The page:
• When I think about autism, I think about brains. My brain is autistic and it can do amazing things. I mean, brains are pretty amazing to begin with. They do everything. Right now I am thinking about how the my brain is telling my hands to move to type these words which also means that my brain is responsible for me thinking about me thinking and on and on and on in an incredible loop.
  • When I think about autism, I think about the Amazing Autistic Community I have found and the amazing new friends I have made.
End of Story–but not really… the list goes on and on and on and on and on and will keep going, even if I don’t add on to it here. (But if you want to see more Expressions of PosAutivity, CLICK HERE!)

Just another reminder that autistic children grow into autistic adults

I’ve been seeing so many posts today about autistic children, so so so so many. And that is just from the brief facebook browsing breaks I have been taking when I am supposed to be designing primers at work. I (mostly) have not been actively seeking it out. And sure, children are adorable, and you can put up really cute pictures of them which you can’t really do for adults, but the story is incomplete. (Not to say that autistic children are not important and wonderful, as well.) Autistic children grow into autistic adults.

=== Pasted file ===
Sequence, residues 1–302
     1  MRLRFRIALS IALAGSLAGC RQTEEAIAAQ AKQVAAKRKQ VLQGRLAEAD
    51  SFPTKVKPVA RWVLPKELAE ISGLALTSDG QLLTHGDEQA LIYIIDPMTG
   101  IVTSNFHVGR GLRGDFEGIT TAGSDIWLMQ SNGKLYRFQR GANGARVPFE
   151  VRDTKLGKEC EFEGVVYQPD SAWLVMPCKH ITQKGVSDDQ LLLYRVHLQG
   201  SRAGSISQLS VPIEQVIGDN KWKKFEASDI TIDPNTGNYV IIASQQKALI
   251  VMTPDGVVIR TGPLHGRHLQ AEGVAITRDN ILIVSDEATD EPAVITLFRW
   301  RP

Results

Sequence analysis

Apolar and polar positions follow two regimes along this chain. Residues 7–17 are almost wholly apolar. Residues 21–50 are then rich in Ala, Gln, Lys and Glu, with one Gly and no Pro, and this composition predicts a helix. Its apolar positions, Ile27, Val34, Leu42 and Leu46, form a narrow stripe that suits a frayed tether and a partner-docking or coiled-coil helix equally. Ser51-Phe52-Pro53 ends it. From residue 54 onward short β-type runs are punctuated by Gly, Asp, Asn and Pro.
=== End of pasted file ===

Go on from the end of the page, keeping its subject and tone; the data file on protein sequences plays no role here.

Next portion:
sleepwakehope 1 in 88 people. Autistic children grow into autistic adults.  TOM WILLIAMS. I thought their lifespans were significantly shorter. Labrynithia. Autistic people have normal lifespans. You may be thinking of something like Down Syndrome, that is associated with serious health concerns. Autism is (mostly) just associated with neurological differences. Nine to five workday. And even for people with Down syndroe, that has (and is) changing for the better. In 1929, most people with Down syndrome lived to be 9., maybe 10 years old 18 years later it jumped to 12-15 years old. Today, 44% will live to be 60.
This is from the comments on a NPR article Jump In Autism Cases May Not Mean It’s More Prevalent.
Admittedly, I should really know better than to read the comment sections of things like this (AND EVEN
MORE TO I SHOULD KNOW BETTER THAN TO COMMENT WITHOUT TRIPLE CHECKING THE
NUMBER), but actually it wasn’t as bad as it could have been (and people didn’t even fuss about
 the number-typo).